If you said that Eastham creates a triad on the color wheel, you are correct! I cannot speculate as to how Denise chose her colors, but I can guarantee that Denyse understands the relationship between the colors on the wheel and that knowledge and understanding influences her color choices in her work.
If you feel as though you are too overwhelmed to chose colors on your own, then don’t! Find a fabric collection that you love, and look at the colors of the fabrics in that line. Many fabric stores offer bundles of specific colorways from the line. Using Eastham as an example, you would be able to purchase just the purples, or just the greens. When buying yardage, you may choose to make a monochromatic quilt from a specific colorway in one fabric line, or maybe even through in a “pop” of color. Looking at the image above, it would be a fun and exciting quilt to use only the purples and blacks/grays, and then through in that yellow or some of the yellow/green prints for a pop!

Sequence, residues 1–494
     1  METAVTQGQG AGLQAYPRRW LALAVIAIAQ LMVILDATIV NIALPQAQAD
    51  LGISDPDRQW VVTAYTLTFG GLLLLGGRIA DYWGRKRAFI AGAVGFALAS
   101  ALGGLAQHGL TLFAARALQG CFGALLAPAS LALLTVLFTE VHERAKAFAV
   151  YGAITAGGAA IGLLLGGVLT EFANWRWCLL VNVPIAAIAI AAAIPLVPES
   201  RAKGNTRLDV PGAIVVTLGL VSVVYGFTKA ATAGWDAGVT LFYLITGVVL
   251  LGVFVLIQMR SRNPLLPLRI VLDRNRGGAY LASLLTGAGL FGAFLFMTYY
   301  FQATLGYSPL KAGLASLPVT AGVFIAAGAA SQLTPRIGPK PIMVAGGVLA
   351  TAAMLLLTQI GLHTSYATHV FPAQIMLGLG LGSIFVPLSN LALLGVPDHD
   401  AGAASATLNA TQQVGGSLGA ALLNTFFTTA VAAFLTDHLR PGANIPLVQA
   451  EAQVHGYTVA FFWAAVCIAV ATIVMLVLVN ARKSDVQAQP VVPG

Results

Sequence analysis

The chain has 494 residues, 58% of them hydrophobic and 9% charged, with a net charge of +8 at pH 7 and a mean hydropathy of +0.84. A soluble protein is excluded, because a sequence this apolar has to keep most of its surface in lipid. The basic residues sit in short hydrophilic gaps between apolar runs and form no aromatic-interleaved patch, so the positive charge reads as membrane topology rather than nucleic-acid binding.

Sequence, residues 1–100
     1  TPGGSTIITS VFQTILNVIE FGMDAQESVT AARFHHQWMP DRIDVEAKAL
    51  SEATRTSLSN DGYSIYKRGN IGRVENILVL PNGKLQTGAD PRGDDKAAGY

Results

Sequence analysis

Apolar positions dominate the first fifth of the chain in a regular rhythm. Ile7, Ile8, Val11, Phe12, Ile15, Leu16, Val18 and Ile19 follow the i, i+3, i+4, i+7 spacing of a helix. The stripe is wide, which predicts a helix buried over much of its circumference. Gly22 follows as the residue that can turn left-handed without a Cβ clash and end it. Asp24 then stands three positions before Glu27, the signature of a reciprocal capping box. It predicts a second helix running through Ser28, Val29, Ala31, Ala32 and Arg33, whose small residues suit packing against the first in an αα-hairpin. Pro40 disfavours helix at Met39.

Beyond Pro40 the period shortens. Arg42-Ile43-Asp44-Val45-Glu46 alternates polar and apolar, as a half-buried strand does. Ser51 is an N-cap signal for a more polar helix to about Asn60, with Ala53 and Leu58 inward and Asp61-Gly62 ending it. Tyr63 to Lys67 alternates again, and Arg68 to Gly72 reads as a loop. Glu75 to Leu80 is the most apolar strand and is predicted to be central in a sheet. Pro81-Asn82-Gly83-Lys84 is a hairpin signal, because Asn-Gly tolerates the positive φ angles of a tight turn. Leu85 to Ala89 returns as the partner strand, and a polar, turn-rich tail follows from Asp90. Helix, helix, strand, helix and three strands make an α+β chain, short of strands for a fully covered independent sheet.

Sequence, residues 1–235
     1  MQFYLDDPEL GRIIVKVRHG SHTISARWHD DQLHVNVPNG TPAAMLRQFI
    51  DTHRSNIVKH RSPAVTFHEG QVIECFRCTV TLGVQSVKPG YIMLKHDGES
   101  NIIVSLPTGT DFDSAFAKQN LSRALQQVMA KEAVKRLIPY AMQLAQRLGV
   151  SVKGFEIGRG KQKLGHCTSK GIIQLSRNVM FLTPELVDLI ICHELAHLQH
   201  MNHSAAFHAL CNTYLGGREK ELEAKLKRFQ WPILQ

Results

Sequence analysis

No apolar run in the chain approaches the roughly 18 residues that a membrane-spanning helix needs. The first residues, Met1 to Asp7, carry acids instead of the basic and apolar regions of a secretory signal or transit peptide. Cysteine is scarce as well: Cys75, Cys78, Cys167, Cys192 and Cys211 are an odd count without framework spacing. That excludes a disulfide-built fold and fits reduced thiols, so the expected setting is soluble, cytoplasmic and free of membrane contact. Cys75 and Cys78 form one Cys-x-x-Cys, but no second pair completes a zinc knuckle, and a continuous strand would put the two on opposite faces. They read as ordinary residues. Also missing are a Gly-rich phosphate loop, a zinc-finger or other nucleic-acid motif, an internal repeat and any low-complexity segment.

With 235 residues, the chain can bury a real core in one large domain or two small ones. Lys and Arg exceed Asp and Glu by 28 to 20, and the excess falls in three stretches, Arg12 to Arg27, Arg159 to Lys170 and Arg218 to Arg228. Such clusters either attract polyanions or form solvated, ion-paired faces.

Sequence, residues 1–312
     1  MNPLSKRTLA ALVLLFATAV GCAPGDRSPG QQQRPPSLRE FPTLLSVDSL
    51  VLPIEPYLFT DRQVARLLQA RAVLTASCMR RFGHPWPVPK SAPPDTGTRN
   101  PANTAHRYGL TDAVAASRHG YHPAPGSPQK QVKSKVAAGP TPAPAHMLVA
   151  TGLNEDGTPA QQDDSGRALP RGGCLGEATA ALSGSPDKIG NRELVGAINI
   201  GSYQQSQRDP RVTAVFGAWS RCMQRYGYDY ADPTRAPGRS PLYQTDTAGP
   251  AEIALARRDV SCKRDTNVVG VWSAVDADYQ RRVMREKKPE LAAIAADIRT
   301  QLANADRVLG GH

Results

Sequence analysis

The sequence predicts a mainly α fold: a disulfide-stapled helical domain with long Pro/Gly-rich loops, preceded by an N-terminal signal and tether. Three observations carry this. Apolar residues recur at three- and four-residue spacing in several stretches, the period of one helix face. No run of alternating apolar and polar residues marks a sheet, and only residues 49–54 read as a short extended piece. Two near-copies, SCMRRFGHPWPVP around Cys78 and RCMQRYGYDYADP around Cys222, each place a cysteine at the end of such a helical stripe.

Not only do fabric stores usually carry an entire line by a specific designer, but some fabric stores even have “blogger bundles” available. These are usually fat quarter or half yard bundles of 9-12 fabrics that have been currated by popular bloggers. These bundles are inspiring to say the least, typically have a very strong color relationship going on, and can be the starting point to a really incredible project!
The Polaroid Sew-Along and other Sew-Alongs
This post is meant to work along side my other Sew-Along posts. If you are here as a part of The Polaroid Sew-Along, these posts are being released in conjunction with The Polaroid Sew-Along posts. The next post is going to detail how to use the information from this point to select background colors for your optional drop-shadow and sashing. You will be able to find a link to that post HERE once it has been published.